Concerns regarding the student's visa and visitor visa program


Concerns regarding the student's visa and visitor visa program

Concerns regarding the student's visa and visitor visa program

Mickey Mouse courses are leading a pathway to Australia.  Labor employment spokesman Brendan O’Connor has called for stronger integrity measures on the student program and is open to the idea of putting a cap on the intake.

He has also raised an idea to put curbs in the working holiday- makers a separate visa subclass with limited work rights.

The number of overseas students in Australia reached 513,000 last September, up from 342,000 in the same month five years earlier, according to an analysis by the Parliamentary Library.

The number of temporary visitors on working holidays was 137,000 last September, down from 146,000 five years earlier.

Mr O’Connor has stated that “One of the problems we’ve had is people coming to Australia, signing up for Mickey Mouse courses,”.

Bob Birrell, a former Monash University researcher who now heads the Australian Population Research Institute, told Fairfax Media that changes to the program under Labor from 2009 to 2012 had helped drive the increase in student visas.

The government has already made some changes and making for overseas students to switch to skilled worker program but Mr Birell states that “ cutting of this visa churning process would be the best way to do it because it would not affect the bona fide students”.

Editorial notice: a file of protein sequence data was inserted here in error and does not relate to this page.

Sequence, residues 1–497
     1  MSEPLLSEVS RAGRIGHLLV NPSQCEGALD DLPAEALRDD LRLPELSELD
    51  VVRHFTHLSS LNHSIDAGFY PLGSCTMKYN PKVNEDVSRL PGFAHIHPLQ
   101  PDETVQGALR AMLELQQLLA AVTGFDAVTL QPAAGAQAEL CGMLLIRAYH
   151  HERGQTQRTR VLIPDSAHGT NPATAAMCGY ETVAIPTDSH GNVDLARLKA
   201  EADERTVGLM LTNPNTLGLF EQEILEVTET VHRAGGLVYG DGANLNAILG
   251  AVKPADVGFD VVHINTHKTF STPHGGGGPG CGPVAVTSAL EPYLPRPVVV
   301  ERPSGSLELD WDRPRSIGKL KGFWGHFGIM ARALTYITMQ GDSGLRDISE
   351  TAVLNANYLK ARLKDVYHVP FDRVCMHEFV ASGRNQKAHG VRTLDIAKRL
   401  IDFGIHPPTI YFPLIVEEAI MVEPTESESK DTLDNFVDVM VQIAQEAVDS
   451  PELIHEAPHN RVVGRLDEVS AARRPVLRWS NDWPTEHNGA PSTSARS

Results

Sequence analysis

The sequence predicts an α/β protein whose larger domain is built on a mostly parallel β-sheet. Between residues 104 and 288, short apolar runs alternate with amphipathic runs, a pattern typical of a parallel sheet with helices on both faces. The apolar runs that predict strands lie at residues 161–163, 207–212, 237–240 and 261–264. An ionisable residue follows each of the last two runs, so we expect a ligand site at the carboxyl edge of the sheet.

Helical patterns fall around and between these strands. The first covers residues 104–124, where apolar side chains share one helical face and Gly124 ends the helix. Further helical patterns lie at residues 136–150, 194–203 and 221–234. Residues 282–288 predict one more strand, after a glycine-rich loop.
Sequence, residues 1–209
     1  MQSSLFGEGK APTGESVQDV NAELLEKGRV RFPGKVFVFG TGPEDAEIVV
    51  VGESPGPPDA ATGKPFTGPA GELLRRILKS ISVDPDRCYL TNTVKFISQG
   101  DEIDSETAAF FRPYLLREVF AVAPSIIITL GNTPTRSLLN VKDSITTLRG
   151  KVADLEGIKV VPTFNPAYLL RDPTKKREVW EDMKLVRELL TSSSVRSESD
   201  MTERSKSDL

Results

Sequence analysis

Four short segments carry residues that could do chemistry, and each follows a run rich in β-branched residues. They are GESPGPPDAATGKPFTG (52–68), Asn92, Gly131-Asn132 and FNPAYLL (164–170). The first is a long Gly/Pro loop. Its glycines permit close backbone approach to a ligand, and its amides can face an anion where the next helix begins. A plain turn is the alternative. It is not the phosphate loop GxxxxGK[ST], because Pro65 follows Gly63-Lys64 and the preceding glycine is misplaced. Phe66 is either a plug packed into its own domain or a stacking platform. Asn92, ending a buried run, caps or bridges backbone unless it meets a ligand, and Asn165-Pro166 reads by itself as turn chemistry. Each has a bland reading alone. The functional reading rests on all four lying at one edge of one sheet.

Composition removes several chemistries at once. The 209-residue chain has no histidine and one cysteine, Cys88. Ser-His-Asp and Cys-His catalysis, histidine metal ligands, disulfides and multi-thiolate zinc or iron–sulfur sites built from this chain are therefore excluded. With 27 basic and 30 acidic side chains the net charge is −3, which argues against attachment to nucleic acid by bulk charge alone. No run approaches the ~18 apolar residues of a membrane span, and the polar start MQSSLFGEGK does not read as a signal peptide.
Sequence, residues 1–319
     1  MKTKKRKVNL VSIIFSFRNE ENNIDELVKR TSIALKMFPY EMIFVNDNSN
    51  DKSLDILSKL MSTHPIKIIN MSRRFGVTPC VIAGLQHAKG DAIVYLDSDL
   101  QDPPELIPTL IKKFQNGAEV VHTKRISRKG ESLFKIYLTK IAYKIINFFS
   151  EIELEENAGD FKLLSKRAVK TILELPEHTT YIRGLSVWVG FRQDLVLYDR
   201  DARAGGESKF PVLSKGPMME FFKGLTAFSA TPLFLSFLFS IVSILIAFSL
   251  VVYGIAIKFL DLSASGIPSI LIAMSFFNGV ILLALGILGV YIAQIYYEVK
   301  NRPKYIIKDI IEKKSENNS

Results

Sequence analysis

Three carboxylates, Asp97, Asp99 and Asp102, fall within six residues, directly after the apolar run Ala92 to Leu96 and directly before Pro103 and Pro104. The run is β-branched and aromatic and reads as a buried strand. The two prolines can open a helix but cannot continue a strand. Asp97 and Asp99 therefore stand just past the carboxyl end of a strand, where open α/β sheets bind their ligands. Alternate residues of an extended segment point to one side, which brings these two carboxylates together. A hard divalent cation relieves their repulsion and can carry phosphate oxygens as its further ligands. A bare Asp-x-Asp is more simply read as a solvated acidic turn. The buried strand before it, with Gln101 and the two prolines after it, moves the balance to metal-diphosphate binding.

Mr O’ Connor has also expressed concerns about visitors on working holidays who are taking jobs from others but did not call for a cap on the numbers.

He has stated to Sky News “ “Of course we can allow backpackers to work, and they are very important labour particularly in agriculture and other areas of our economy,”. However, they come here and work for seven days a week without any holidays and in many cases,  it been exploited has led us to examine the use of that.

Mr O'Connor was also open to the idea of visa programs that encourage migrants to move to regional Australia, although it is unclear how the Turnbull government might enforce those rules if it adopted them.

Universities Australia chief Catriona Jackson declined to comment, saying she would do so “when and if there is a proposal on the table for consideration” on the issue.